December Blog – Tom Kenley

Tom Kenley3Beyond the kudos: Why you want to participate in awards programs

By Tom Kenley

Winning an award from a professional trade association certainly makes you look good, but an awards program, especially those conducted by IABC, can offer so much more to help you grow professionally.

Judging. Every communications project has a unique goal with a unique audience and unique challenges. When that project is submitted for an award, the end result reads much like a case study, especially when utilizing the user-friendly AwardSentry online system, which most IABC chapters use. Submission judges (IABC members from other chapters) are provided criteria by which to evaluate the entry. While not every entry is a winner, there is always something to learn by seeing how other communicators approach their specific situations.

Submitting. The award submission process for IABC is like a “crash course” in corporate communications. You are asked very specific questions about the project — questions that go deeper than “what is the goal of the project?” or “who is the intended audience?” The end result? What is required is a thorough self-analysis of your project spelling out your strategies, measurements, speed bumps, and business objectives. It can seem intimidating at first, but the goal of these rigorous evaluation points (and the awards program as a whole) is to elevate the standards within our profession.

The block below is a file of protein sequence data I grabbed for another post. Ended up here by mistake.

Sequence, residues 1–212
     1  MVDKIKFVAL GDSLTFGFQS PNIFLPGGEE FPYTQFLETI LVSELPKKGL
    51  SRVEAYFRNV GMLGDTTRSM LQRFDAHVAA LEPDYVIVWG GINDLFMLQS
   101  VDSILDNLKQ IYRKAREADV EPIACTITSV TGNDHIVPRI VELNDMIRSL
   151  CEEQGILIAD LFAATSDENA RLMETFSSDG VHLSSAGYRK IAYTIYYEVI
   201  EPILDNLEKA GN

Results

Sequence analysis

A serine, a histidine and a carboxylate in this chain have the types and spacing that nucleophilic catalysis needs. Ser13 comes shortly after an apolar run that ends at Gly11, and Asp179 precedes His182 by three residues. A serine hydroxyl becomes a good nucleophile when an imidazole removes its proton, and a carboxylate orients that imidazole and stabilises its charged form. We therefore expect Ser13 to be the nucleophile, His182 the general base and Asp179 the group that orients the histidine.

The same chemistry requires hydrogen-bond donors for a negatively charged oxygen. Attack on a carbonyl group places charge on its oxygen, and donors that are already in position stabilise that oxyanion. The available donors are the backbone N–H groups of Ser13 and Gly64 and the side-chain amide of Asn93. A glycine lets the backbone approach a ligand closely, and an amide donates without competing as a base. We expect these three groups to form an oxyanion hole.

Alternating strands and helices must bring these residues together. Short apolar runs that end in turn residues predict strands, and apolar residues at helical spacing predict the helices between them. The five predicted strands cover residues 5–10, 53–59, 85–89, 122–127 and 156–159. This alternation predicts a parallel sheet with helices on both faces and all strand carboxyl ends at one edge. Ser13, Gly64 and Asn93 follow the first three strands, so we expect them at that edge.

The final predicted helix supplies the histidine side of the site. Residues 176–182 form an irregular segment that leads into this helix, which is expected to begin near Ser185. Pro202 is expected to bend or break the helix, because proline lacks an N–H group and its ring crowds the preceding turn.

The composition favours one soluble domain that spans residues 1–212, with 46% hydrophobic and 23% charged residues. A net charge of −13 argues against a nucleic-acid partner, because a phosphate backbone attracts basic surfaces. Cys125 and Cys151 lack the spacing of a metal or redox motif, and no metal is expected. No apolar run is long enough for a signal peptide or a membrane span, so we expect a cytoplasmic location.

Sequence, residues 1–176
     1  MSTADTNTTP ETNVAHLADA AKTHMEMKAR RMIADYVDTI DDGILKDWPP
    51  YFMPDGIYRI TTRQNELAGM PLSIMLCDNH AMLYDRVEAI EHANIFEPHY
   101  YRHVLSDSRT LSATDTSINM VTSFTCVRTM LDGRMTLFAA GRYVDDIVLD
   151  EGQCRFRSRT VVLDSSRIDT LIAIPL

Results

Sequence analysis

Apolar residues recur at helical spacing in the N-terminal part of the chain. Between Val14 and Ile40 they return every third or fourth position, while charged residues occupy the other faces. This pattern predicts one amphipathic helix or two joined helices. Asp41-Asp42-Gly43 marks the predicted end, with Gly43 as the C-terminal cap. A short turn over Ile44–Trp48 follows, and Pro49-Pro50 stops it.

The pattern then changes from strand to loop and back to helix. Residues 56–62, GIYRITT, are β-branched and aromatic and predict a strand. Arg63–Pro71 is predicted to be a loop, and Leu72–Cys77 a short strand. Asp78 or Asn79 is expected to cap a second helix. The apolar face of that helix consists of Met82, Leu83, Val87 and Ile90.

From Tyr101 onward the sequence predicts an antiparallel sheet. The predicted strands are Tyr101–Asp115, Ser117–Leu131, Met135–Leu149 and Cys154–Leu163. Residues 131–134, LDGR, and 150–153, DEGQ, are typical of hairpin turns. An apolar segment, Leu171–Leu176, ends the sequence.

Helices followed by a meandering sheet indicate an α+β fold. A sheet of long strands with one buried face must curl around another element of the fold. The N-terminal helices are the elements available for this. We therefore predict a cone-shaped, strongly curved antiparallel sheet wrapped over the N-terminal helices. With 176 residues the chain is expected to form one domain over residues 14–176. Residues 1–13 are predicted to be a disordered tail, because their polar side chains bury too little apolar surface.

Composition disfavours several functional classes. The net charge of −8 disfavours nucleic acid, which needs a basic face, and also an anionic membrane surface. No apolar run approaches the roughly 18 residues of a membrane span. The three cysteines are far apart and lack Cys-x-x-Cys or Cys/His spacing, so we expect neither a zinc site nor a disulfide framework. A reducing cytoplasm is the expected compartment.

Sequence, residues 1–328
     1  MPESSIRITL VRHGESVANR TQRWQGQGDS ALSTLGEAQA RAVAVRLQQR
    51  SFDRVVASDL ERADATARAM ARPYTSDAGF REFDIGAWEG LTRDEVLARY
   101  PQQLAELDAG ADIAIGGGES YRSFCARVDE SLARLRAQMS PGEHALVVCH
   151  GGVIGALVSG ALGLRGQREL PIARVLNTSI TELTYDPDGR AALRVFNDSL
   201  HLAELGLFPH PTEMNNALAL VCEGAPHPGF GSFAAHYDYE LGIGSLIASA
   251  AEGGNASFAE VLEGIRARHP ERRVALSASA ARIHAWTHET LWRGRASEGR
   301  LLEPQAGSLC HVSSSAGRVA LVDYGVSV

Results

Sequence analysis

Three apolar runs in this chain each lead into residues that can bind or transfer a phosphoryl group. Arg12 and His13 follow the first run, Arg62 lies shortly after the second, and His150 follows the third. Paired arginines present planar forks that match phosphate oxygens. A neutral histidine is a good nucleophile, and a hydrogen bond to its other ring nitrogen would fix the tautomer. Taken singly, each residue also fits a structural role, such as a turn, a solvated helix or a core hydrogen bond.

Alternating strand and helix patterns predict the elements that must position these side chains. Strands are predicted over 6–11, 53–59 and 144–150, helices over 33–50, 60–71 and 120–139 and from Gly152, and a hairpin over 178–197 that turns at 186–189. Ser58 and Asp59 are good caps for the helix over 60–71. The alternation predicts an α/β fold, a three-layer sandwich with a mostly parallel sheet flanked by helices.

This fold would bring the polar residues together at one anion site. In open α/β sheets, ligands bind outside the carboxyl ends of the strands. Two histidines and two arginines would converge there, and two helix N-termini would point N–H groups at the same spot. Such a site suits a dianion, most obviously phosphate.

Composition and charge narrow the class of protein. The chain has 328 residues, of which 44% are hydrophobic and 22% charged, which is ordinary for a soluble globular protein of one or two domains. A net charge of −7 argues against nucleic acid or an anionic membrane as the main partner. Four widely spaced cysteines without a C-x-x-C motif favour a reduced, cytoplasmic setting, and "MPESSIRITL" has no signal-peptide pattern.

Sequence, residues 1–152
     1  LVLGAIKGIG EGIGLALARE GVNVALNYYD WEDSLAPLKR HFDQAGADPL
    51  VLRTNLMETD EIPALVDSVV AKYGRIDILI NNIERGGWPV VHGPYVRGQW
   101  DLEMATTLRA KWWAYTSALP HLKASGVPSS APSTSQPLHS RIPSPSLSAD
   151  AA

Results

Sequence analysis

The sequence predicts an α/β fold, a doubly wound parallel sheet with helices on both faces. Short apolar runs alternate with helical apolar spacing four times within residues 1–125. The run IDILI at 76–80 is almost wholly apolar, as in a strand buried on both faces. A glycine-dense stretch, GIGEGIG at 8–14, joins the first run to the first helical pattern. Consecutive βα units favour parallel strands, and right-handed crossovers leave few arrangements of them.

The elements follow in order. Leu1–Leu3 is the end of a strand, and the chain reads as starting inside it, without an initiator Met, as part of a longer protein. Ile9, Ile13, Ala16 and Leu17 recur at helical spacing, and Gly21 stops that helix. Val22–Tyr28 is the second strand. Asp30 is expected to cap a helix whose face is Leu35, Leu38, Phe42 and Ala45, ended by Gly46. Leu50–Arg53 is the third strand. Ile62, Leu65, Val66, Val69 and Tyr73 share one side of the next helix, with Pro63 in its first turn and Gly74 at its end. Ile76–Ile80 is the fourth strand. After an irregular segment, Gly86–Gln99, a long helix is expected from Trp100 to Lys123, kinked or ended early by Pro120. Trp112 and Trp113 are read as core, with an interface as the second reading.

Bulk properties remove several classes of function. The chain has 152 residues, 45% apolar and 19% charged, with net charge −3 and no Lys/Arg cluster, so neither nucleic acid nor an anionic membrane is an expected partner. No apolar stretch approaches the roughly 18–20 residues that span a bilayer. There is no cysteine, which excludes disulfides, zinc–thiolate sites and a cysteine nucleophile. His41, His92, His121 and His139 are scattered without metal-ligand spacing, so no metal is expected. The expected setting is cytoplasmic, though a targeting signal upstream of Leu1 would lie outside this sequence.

Feedback. Usable feedback to tweak messages or hone strategies can be rare, especially when working in smaller shops or one-person departments like mine. Evaluations of submitted entries for an IABC award are returned to you with scores and text feedback from judges on every aspect of your project. In addition to helping with future projects, the feedback also helps you fine tune your submission if you choose to submit your project to another IABC regional (Silver Quills) or international (Gold Quills) awards competition.

Winning. Kudos from friends, family and friendly co-workers can only go so far, and acknowledgment of our efforts from superiors can be sporadic (“Good job on that project last year!”) and unqualified (“You helped with that project, didn’t you?”). However, an award from a professional trade association can improve your department’s value within your organization, enhance your agency’s reputation with clients, and provide an impressive bullet point in your personal resume.

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